Like Wallace, Bierce fought at the terrifying Battle of Shiloh in 1862, serving as First Lieutenant in the ranks of the Ninth Indiana Infantry. During his days as a journalist, Bierce also worked for William Randolph Hearst at The San Francisco Examiner. To sell papers, the newspaper giant “routinely invented sensational stories, faked interviews, ran phony pictures and distorted real events.”
Did Bierce pen some “yellow journalism” about Lew Wallace and a Turkish harem girl? I wouldn’t put it past him. The Wasp’s editor was one of the biggest misogynists of his day and took constant swipes at women. To me, “An Unwelcome Present” sounds like one of Bierce’s tales or epigrams about the diabolical battle between the sexes, which he always portrayed as just slightly less gory than the bloodbath he and Wallace survived at Shiloh. In any case, the gossipy piece about his fellow Hoosier got published on Ambrose Bierce’s editorial watch.
Writer and poet Susan Wallace, who grew up in Crawfordsville and married Lew in 1852, had no reason to fear her husband would take up with a concubine. Yet Circassian beauties were all the rage during the long heyday of Orientalism.
The exotic Circassian mystique had been around for many decades. Inhabiting the Caucasus Mountains at the eastern end of the Black Sea near Sochi (the site of the 2014 Winter Olympics), Circassians were hailed by 19th-century anthropologists as the apogee of the human form. “Circassophilia” churned out many exotic myths about these people in Europe and America. During the Enlightenment, the French writer Voltaire popularized a belief that Circassian women were the most beautiful on earth, “a trait that he linked to their practice of inoculating babies with the smallpox virus.” In the 1790s, the invention of the so-called “Caucasian” race occurred when Johann Friedrich Blumenbach, one of the founders of physical anthropology, compared the anatomy of the beautiful, martial Circassians of what became North Turkey and southern Russia with the rest of humanity and categorized the mountain folk as the least “degenerate” humans.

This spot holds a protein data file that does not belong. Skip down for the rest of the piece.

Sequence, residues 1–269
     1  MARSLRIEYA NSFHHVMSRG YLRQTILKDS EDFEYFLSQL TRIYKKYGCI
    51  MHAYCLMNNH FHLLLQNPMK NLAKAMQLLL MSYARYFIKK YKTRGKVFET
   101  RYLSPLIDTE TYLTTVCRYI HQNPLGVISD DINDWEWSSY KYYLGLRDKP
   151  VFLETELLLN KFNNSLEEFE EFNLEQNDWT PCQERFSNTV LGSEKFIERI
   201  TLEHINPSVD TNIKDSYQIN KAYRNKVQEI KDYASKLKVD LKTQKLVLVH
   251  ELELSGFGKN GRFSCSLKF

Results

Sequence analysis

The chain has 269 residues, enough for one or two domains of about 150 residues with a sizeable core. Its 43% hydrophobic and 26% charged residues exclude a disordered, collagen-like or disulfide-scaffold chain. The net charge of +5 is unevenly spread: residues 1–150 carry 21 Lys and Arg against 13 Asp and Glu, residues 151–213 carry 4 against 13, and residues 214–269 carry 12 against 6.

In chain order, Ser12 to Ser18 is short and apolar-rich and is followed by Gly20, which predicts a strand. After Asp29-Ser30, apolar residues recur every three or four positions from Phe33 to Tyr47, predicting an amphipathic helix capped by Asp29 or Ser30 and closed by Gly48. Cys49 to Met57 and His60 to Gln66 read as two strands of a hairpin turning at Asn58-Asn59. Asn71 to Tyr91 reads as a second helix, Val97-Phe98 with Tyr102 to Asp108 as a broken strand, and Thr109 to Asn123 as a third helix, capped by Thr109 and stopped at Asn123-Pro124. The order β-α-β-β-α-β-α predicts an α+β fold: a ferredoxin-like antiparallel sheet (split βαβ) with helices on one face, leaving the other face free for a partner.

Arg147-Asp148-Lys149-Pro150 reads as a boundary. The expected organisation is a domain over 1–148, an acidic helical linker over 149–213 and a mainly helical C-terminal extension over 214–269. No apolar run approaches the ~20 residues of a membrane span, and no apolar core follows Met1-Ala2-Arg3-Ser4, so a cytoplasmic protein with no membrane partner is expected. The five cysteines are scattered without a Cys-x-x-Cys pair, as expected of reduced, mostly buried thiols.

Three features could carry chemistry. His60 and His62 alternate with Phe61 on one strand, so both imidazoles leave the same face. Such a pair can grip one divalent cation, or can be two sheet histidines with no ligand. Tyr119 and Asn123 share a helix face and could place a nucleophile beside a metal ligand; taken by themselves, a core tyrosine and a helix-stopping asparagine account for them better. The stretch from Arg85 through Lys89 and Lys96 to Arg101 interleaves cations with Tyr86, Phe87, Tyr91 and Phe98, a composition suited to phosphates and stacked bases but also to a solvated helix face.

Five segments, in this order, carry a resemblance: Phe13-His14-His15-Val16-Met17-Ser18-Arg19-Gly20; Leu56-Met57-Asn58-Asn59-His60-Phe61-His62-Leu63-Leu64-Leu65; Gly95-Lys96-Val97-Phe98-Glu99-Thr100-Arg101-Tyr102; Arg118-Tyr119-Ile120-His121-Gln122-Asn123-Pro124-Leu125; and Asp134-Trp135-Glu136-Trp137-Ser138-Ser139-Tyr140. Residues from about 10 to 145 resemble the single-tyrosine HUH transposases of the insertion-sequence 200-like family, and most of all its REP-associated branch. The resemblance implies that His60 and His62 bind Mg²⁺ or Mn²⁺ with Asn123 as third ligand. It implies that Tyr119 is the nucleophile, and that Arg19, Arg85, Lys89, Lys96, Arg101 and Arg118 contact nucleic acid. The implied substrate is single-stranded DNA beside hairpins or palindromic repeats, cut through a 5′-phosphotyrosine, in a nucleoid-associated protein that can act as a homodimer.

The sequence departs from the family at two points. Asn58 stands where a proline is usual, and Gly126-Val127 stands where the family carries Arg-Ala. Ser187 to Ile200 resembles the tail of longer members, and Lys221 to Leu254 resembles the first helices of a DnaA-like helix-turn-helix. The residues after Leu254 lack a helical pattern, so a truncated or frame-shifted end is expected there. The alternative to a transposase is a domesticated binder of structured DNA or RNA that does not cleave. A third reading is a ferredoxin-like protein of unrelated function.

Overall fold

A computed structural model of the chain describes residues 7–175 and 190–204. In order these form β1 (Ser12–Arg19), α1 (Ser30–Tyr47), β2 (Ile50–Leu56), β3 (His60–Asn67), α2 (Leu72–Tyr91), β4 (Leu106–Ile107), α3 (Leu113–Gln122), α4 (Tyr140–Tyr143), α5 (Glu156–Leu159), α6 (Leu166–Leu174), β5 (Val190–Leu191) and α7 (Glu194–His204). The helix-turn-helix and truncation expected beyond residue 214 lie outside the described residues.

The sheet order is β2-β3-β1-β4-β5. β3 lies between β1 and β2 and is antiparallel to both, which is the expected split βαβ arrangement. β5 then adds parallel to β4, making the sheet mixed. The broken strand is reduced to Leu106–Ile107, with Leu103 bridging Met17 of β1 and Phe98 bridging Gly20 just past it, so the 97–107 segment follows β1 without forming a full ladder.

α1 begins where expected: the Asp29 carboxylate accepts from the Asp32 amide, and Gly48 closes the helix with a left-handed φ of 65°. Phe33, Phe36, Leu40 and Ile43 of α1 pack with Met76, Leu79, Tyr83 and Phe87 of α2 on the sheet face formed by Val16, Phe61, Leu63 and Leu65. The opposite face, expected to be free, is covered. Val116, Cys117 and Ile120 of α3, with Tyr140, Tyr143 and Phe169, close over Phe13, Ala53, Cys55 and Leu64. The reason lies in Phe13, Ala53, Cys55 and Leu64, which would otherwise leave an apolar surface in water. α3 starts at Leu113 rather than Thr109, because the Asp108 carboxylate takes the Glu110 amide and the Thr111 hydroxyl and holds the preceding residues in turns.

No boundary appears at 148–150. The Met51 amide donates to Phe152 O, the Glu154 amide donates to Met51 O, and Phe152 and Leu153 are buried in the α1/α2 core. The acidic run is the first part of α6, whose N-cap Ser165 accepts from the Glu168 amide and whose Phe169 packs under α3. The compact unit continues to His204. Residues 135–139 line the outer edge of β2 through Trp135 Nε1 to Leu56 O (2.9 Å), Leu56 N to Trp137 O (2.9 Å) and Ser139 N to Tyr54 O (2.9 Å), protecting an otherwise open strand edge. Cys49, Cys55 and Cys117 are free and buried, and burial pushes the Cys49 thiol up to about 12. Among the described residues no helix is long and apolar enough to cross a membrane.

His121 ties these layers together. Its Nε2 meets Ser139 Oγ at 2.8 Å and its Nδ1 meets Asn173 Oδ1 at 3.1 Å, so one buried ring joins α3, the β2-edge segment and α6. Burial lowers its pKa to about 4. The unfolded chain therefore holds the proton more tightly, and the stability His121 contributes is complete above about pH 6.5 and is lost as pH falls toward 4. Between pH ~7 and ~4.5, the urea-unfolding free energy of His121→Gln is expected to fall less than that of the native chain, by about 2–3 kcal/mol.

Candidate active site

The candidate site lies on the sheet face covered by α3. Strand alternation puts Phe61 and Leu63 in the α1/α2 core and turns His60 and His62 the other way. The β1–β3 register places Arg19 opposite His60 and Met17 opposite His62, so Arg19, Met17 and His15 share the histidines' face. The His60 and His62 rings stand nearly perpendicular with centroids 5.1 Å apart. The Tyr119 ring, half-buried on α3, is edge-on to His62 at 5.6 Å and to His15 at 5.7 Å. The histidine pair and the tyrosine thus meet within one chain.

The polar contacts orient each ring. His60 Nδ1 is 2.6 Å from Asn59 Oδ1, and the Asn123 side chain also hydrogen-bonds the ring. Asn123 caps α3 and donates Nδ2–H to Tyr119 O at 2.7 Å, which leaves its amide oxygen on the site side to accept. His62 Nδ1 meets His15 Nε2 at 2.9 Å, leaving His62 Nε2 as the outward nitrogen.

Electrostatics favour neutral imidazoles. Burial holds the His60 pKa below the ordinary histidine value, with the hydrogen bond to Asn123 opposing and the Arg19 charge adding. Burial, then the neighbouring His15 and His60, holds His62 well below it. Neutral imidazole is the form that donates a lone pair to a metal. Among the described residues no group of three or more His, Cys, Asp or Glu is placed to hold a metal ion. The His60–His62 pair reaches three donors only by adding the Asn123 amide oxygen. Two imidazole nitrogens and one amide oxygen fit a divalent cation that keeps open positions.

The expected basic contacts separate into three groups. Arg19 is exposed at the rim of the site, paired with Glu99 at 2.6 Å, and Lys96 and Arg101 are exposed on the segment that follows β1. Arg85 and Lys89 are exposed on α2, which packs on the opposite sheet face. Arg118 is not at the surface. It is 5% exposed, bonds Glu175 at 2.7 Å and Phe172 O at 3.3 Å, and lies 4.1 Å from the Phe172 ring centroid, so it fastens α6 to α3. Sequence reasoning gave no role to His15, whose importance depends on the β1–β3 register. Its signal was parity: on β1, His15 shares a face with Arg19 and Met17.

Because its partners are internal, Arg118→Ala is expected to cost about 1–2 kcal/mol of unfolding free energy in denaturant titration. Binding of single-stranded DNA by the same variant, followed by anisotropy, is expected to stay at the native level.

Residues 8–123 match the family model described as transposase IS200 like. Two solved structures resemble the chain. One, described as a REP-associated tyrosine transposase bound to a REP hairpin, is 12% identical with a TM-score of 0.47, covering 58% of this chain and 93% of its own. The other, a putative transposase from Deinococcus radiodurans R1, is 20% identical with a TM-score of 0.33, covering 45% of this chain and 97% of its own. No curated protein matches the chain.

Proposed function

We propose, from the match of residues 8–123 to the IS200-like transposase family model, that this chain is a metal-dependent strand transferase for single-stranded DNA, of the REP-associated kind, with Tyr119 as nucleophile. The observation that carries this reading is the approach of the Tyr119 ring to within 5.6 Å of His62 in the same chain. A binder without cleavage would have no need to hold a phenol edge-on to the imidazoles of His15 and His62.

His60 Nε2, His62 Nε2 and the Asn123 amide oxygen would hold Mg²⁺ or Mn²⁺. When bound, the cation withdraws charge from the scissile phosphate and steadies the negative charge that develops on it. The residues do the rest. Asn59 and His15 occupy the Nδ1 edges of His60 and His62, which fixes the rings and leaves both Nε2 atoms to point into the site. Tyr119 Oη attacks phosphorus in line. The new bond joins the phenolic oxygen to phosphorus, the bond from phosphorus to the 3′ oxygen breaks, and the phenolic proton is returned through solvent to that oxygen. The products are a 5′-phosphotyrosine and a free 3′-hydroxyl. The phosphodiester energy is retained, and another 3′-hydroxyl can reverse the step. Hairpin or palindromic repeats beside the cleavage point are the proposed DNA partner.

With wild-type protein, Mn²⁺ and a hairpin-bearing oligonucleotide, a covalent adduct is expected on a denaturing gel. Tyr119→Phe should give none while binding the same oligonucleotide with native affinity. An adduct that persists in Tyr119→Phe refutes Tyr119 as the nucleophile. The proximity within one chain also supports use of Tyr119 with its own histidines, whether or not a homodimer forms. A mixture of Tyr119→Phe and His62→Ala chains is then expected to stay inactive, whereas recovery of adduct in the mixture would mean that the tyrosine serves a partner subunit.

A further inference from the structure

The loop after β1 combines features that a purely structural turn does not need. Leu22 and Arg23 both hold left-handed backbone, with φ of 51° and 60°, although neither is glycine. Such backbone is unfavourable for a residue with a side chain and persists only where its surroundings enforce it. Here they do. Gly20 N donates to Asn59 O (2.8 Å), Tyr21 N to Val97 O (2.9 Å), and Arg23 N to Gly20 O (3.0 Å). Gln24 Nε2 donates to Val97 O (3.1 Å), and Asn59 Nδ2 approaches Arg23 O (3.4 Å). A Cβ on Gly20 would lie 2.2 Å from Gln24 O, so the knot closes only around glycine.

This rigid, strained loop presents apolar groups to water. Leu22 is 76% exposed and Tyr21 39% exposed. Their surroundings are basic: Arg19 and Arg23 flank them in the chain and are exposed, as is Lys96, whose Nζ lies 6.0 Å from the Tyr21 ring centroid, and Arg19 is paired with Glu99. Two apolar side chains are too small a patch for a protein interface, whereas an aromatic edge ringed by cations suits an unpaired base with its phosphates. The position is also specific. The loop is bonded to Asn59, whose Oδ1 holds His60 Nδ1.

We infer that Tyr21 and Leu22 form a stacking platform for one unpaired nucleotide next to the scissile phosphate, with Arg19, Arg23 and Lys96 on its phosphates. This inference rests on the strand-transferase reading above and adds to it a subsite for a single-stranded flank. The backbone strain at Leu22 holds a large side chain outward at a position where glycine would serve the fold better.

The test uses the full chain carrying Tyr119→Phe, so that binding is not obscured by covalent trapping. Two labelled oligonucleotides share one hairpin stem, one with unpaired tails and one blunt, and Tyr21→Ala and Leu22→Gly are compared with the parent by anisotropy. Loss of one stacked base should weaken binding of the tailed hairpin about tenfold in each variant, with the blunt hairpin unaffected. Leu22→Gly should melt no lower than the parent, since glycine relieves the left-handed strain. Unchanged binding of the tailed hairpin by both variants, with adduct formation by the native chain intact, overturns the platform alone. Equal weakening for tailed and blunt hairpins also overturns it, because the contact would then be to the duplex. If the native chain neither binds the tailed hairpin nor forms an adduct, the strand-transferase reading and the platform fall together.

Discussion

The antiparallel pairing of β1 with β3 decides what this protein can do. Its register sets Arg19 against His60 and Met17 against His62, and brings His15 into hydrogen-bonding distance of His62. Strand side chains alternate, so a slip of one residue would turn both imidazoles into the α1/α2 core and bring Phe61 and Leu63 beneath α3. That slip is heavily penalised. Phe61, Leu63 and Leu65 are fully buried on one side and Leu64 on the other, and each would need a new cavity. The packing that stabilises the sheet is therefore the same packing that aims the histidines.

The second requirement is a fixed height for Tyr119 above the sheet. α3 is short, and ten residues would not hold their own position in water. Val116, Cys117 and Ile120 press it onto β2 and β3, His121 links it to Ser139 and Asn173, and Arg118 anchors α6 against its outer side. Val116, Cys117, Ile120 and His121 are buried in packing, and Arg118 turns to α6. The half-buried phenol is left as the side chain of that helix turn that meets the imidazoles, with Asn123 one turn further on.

Yet by the time of Wallace’s tenure in the Middle East in the 1880s, these tough mountaineers had been subdued by the Russians and Ottomans after long years of bloody warfare. Legends about dazzling Circassian beauties abounded even as Circassia itself disappeared from the map. One popular story went that the main source of wealth for fathers in the region was their breathtakingly beautiful daughters, whom they sold off to Turkish slave markets, though as writer in The Penny Magazine thought in 1838, Circassian women were “exceedingly anxious to be sold,” since life in a Turkish harem was “preferable to their own customs.” In Constantinople, they were highly prized in harems — not to be confused with Western prostitution. American abolitionist and women’s rights activist Lydia Maria Child devoted a chapter to Circassia in her 1838 History of the Condition of Women.